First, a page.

Inspirational: Angelina Jolie Shares Her Story About Having a Preventative Double Mastectomy

(Photo by Getty)

Angelina Jolie (Getty)
This morning, The New York Times ran a shocking yet truly inspiring story titled "My Medical Choice," a very personal op-ed piece written by Angelina Jolie, in which the actress reveals she recently made the difficult decision to undergo a preventative double masectomy.

In the article, the actress chronicles the past three months of her medical procedures, detailing everything from her family history of cancer (her mother died from the disease at the age of 56) to learning from doctors that she also carried the BRCA1 gene—a "faulty" gene that greatly increases a woman's risk of developing breast and ovarian cancer.

Her doctors estimated that she personally (the percentage differs for each woman) had an 87 percent risk of breast cancer and a 50 percent risk of ovarian cancer. "Once I knew that this was my reality, I decided to be proactive and to minimize the risk as much I could," she writes.

From there, she describes the experience in true-to-form detail—the pain, the bruising, and the integral part her family played during the trying time. She writes:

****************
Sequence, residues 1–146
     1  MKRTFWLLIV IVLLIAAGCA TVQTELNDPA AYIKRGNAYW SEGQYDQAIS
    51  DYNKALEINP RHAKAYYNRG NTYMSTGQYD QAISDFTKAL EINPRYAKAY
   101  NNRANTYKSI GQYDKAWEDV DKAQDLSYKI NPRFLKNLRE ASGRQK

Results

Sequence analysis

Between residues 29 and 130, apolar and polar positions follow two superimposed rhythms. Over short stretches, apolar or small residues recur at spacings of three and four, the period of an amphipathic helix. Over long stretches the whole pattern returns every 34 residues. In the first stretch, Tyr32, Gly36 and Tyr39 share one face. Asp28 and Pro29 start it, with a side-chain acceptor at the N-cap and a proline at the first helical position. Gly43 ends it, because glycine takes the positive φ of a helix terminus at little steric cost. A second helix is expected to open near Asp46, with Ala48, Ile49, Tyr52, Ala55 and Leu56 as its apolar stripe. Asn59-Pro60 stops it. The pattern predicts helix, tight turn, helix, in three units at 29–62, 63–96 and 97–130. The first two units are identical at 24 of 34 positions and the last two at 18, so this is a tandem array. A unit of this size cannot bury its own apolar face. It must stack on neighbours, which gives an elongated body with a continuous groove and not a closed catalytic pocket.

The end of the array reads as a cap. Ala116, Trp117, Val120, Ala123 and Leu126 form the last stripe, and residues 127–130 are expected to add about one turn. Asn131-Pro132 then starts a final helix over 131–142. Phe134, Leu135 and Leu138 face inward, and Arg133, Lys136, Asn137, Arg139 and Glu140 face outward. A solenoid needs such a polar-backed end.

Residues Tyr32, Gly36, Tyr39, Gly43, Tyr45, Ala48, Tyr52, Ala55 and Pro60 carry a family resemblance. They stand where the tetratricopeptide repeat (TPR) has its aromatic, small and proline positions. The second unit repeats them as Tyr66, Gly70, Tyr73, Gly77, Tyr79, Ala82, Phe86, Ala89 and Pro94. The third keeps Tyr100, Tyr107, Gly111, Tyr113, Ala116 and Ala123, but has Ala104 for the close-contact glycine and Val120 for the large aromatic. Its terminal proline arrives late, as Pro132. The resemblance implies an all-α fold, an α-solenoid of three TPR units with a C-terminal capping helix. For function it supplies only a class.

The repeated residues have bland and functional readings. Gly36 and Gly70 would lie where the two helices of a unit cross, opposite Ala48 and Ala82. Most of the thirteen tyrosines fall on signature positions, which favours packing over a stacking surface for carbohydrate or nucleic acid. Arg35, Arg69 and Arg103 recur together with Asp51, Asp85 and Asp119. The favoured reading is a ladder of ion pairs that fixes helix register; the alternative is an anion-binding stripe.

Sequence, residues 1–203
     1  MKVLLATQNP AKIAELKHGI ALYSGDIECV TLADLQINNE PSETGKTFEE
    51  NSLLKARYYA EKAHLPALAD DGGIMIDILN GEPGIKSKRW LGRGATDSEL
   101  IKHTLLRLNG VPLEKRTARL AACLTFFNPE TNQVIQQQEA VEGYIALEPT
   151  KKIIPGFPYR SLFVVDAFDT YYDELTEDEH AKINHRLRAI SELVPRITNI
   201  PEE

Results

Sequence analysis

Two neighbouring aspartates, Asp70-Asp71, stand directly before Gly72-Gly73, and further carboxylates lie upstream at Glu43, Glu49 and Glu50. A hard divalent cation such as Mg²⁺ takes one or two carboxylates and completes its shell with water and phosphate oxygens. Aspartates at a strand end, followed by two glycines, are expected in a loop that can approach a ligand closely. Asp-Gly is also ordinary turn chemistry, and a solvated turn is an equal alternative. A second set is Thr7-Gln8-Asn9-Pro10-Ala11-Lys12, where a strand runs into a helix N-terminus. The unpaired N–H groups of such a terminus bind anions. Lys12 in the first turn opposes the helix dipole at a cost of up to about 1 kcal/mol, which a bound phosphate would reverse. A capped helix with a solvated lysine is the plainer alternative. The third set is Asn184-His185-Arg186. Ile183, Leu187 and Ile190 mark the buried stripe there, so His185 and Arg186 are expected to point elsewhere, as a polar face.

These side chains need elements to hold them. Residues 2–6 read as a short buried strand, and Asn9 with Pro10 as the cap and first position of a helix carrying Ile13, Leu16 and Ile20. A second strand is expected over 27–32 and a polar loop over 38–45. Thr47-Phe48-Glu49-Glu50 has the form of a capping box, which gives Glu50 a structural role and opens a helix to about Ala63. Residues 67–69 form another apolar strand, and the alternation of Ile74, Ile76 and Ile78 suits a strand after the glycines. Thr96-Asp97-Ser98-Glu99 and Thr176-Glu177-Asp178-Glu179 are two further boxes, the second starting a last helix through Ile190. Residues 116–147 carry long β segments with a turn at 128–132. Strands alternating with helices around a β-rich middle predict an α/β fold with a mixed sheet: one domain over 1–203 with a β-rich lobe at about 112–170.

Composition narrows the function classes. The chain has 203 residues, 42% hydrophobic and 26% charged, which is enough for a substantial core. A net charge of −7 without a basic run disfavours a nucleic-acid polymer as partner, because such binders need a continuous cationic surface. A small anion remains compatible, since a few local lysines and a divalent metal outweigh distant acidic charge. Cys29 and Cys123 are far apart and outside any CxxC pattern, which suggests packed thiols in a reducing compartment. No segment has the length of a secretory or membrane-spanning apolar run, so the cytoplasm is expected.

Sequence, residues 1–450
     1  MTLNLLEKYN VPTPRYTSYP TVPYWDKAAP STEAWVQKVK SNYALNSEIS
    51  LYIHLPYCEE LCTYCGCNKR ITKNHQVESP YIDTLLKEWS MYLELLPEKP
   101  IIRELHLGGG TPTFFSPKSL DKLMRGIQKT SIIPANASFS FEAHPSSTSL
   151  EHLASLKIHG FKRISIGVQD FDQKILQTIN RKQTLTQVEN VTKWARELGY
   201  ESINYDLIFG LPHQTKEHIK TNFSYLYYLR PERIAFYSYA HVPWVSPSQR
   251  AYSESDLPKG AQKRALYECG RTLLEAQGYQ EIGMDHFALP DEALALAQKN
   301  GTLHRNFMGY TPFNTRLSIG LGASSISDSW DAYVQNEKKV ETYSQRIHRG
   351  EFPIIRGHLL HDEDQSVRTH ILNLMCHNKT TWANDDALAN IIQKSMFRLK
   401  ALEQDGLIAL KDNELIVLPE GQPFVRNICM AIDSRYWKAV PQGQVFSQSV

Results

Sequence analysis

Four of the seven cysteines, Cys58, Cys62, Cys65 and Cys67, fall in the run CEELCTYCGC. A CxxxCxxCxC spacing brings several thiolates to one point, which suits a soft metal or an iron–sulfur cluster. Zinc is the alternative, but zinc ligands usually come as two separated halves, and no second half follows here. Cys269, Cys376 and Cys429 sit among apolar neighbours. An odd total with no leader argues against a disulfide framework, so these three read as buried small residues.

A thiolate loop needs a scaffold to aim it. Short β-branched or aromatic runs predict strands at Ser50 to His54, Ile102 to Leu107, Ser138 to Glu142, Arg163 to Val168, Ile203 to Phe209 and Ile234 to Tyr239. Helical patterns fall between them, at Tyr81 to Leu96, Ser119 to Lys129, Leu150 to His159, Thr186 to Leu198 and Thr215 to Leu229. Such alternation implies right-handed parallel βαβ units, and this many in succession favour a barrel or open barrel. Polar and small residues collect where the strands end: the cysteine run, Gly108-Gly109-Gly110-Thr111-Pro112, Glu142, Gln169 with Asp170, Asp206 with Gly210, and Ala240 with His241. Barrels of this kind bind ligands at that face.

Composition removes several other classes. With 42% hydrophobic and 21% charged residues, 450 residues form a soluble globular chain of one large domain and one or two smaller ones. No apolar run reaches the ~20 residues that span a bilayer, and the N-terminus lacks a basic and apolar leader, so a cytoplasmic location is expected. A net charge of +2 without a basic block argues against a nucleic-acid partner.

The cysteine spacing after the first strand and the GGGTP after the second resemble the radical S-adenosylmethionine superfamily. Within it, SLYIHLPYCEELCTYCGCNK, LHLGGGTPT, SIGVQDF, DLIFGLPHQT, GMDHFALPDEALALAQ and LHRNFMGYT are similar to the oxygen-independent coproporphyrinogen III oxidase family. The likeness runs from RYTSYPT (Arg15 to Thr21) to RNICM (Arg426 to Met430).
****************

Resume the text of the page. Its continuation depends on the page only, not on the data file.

"I am fortunate to have a partner, Brad Pitt, who is so loving and supportive. So to anyone who has a wife or girlfriend going through this, know that you are a very important part of the transition. Brad was at the Pink Lotus Breast Center, where I was treated, for every minute of the surgeries. We managed to find moments to laugh together. We knew this was the right thing to do for our family and that it would bring us closer. And it has."
It's such a touching story and certainly inspirational for all women who've been affected by breast cancer, which we're betting is all of you in some way—the disease kills 458,000 people each year, as Jolie cites. Also, it's pretty incredible that she was able to go through all this in total privacy, and thankfully so. Because of the preventative measures, her chances of developing breast cancer are now less than 5 percent.

If you do anything today, pop over to to read the rest of her article. It's a must.